Arrogance of Power Review
- Pages: 3
- Word count: 734
- Category: Government Power Reading
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William J. Fulbright, a democratic Senator from Arkansas, was Chairman of the Senate Foreign Relations Committee in 1966 when The Arrogance of Power was published. In an excerpt from Fulbright’s book, he analyzes the misguided thinking behind America’s global interventionism and its delusion of righteous all-powerfulness. These symptoms are a confusion of power and virtue. Fulbright defines the arrogance of power as, “a psychological need that nations seem to have in order to prove that they are bigger, better, or stronger than other nations” (2). William J. Fulbright uses persuasive appeals in his well structured book, The Arrogance of Power to help convey his views on U.S. war strategies. From the introduction to the conclusion, Fulbright has great use of persuasive appeals. Most of his work uses pathos or emotional appeals. In the introduction he depicts America not as a country, but as a woman. By describing America as a person, the beginning hooks the readers by boasting about America, “America is the most fortunate of nations” (Fulbright 1). This is a great use of pathos to draw in an audience. Fulbright states, “We seem to feel somehow that because the hydrogen bomb has not killed us yet, it is never going to kill us” (2).
He is appealing to the reader’s emotions by planting a seed of fear in their minds. Fulbright uses the survival of the human race to embark fear as well. “Man … for the first time, is in a situation in which the survival of his species is in jeopardy,” is one of many sentences aimed at the readers sentimental sides. This same root of fear is used throughout most of the essay and thus is quite helpful in swaying the reader. Often Fulbright reflects back on past situations that have occurred, such as the Holocaust and the Cuban Missile Affair. By doing so the reader is reminded of how they were affected by that situation. Whether the reader was just a child watching the television and seeing their parents affected by it, or if the reader was a soldier fighting in the war and personally affected by the situation, everyone can connect to these situations which Fulbright brings up. In addition to his use of pathos, Fulbright also has an excellent use of logos and ethos throughout the piece.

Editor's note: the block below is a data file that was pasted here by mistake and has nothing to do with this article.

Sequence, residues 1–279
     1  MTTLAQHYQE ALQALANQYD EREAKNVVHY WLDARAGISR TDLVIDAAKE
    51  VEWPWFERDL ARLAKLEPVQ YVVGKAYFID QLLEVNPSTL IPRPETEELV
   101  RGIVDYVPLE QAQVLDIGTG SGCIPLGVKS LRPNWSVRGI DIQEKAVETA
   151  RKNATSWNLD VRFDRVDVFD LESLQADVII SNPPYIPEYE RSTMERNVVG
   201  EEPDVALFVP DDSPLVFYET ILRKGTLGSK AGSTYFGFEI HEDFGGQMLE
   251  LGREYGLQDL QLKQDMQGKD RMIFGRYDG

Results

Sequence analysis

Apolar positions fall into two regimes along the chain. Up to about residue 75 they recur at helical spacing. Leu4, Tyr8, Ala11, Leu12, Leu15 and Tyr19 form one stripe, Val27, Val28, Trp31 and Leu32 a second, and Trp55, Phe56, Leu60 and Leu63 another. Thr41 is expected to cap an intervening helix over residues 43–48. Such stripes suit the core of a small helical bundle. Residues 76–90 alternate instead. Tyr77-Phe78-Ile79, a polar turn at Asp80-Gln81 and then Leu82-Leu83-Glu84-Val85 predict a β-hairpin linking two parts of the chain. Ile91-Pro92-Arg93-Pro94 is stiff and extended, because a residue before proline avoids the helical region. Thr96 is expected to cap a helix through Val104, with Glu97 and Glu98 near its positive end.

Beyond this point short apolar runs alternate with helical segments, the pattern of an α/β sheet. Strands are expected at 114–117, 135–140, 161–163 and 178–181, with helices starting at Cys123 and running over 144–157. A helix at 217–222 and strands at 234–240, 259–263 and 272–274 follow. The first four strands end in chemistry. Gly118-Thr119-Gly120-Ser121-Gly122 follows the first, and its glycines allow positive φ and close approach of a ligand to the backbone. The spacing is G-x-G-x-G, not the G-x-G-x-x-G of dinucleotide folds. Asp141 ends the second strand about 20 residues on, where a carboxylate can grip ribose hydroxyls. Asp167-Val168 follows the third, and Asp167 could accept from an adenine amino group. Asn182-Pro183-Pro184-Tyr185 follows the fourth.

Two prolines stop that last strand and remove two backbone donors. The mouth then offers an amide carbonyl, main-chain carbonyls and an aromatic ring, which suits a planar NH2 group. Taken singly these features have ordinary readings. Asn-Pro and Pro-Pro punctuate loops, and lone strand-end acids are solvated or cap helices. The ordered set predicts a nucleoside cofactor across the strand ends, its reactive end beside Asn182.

Fulbright lays out facts that “the law of averages has already been more than kind to us,” and “sooner or later the law of averages will turn against us” (4). Fulbright educates the readers on theologians, behavioral scientists, and humanists, explaining in detail how these fields play a role in the behavior of nations. In pointing out these facts Fulbright is appealing to the reader’s logical sides. William J. Fulbright uses ethos by using other sources to help further his position. There is a Canadian psychiatrist, Brock Chisholm, and two prominent authors, Aldous Huxley and Mark Twain, quoted to help supplement the Senator’s point that “a radical change in traditional behavior is required” (Fulbright 4). Given Fulbright’s position as Chairman of the Senate Foreign Relations Committee, he himself is a very credible source. The reader is much more likely to agree with Senator Fulbright on issues rather than to agree with an average citizen.
Fulbright is very blunt and matter-of-fact during this piece which helped make his point. There is not a lot of fluff to read around. In part to great transitions the work has a logical order to it which seems to build everything up and then little by little shows the flaws and eventually tears it down wholly. Fulbright not only offers a caustic critique, but solutions to the problem as well. He not only puts culpability on everyone else for not taking action sooner, but he also places blame onto himself as well, showing his fairness and objectivity to the matter. He points out several ideas that that could be made by any on who is in opposition his work. Through his use of persuasive appeals and the structure of his work, Fulbright has made a very convincing argument. Fulbright is very successful in addressing his thoughts and concerns on U.S. war strategies as well as persuading his audience to agree with him. By the time one has finished reading it they will not be able to help, but to agree with most, if not all, of what Fulbright has written.